Sean Goedecke is a freelance writer trying to visit every cafe in Australia. If you enjoy his articles, it can't hurt to click the 'like' link at the bottom or subscribe.
Published August 29th 2012
Give without expectation
For five years Kere Kere has been many things: a successful Melbourne University coffee shop, a source of employment for disadvantaged young people, and a charitable organization that donates twelve thousand dollars a year to causes chosen by the customers themselves. Sound good? Well, now it's a franchise as well. This year, owner James Murphy has branched out and opened up a Kere Kere coffee shop in Southbank, at the Boyd Community Hub, 207 City Road.
You might already know it as 'that coffee shop with the playing cards'. Instead of getting a piece of paper with your name on it when you place your order, the barista will give you a large card from a battered deck, and when your coffee comes, they'll call out what card you've drawn. They've even written up a charming little 'Kerescope', where you can tell your fortune based on the number and suit. But the fun doesn't end there. When you collect your coffee, you put your card back in a box with four categories: Social, Cultural, Environmental and Health. At the end of the month, the category with the most cards gets a thousand-dollar donation, taken straight out of the owner's profits.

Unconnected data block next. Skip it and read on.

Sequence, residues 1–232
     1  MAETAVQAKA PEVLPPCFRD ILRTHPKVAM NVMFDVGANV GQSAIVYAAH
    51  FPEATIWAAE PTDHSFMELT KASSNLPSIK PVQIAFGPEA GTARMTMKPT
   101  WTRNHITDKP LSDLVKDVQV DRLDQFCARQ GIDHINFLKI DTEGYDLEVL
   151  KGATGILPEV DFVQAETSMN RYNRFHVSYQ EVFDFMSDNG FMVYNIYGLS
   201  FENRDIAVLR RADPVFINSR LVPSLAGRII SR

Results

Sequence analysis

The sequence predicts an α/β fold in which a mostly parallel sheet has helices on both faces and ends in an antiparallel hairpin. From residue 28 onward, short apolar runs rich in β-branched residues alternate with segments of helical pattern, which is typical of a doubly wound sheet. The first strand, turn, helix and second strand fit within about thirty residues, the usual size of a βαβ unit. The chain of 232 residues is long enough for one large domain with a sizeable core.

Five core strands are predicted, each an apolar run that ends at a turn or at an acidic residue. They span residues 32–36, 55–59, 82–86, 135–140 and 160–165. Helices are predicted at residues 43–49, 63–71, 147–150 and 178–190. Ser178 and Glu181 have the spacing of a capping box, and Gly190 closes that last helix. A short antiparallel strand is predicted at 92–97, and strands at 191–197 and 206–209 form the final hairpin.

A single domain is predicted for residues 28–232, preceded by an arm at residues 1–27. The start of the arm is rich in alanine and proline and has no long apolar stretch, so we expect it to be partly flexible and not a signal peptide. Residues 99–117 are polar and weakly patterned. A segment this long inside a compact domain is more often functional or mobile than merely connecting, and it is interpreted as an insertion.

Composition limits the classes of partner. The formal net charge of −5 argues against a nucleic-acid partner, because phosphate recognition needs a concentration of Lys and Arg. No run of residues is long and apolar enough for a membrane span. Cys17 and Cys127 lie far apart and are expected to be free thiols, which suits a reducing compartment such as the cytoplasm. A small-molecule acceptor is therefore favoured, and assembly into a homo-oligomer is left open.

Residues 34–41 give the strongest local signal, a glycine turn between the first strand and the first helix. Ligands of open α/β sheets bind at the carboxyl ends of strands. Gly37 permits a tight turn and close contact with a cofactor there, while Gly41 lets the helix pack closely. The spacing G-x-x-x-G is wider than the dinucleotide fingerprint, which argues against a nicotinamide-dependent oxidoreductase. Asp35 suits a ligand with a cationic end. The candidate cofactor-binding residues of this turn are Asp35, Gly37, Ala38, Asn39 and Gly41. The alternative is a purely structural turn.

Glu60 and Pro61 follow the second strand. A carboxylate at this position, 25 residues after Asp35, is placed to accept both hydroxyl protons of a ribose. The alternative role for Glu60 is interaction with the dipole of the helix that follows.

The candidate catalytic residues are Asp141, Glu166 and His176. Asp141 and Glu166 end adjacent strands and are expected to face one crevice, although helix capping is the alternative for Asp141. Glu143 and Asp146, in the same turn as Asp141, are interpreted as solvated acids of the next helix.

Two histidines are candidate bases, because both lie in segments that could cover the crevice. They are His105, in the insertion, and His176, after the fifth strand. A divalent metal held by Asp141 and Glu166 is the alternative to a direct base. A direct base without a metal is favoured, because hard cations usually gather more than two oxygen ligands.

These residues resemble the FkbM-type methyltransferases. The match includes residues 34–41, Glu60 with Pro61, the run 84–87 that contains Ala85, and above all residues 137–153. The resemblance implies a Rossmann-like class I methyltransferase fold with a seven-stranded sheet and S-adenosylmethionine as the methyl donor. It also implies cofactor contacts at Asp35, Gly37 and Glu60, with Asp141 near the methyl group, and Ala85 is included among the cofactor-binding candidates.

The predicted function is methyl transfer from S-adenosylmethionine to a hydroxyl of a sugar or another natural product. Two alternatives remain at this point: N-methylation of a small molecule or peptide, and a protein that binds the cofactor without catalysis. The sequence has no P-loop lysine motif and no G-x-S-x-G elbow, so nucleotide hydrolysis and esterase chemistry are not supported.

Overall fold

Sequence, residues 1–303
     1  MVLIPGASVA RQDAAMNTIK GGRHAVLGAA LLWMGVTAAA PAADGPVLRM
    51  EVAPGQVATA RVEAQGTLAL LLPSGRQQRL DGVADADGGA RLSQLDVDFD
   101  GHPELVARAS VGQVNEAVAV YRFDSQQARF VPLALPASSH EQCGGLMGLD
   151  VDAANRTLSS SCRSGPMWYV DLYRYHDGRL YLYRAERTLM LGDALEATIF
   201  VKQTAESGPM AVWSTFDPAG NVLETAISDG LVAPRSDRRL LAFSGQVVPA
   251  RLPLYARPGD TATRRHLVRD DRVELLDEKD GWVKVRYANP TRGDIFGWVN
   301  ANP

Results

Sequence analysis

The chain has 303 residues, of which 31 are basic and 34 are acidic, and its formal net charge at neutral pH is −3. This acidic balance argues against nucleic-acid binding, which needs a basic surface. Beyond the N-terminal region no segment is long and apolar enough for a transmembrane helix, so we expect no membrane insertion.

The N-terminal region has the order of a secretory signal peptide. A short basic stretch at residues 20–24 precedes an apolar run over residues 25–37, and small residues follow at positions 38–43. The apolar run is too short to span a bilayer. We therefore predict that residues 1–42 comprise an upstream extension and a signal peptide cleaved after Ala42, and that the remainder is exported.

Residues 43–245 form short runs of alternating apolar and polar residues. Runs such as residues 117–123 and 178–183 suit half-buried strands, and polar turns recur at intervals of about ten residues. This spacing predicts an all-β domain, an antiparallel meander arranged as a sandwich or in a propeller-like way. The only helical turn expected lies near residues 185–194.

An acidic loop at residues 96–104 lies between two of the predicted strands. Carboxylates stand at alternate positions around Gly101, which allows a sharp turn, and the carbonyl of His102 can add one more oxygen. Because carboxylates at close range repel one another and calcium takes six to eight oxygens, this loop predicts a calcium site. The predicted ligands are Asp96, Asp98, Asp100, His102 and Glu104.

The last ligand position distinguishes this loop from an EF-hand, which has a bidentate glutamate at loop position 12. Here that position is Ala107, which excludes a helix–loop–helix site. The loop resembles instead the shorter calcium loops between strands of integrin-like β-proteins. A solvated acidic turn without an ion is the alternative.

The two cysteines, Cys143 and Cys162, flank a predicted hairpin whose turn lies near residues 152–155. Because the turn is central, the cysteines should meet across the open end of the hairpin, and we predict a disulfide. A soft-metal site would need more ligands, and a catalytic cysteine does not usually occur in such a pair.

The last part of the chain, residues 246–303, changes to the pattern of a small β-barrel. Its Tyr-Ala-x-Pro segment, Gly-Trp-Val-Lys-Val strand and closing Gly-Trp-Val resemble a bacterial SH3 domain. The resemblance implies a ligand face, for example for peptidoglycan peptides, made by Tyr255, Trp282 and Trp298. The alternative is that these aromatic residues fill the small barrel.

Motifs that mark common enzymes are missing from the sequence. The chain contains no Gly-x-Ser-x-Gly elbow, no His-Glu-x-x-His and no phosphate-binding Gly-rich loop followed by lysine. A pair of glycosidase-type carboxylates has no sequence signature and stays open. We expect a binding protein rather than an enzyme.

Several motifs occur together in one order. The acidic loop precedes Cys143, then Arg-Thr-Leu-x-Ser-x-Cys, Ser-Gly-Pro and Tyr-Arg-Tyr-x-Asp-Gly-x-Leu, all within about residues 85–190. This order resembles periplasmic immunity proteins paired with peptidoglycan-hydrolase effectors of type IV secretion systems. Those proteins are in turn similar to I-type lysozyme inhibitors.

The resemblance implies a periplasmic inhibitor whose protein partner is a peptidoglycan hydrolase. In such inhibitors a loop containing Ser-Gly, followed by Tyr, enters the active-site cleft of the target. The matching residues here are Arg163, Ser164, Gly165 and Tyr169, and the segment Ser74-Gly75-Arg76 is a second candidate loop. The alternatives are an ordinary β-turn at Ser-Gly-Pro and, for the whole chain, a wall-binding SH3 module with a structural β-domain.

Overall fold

James is an all-round great guy. Visit regularly and he'll shout you the occasional free coffee, or if you show up around closing time he might give away the leftover pastries. Moreover, Kere Kere's practice is to employ young people who might not be able to find work otherwise: people from underprivileged backgrounds, for instance. Even if he didn't make the best coffee in Melbourne University, in Southbank – and, arguably, in Melbourne – it'd still be worth giving him your money.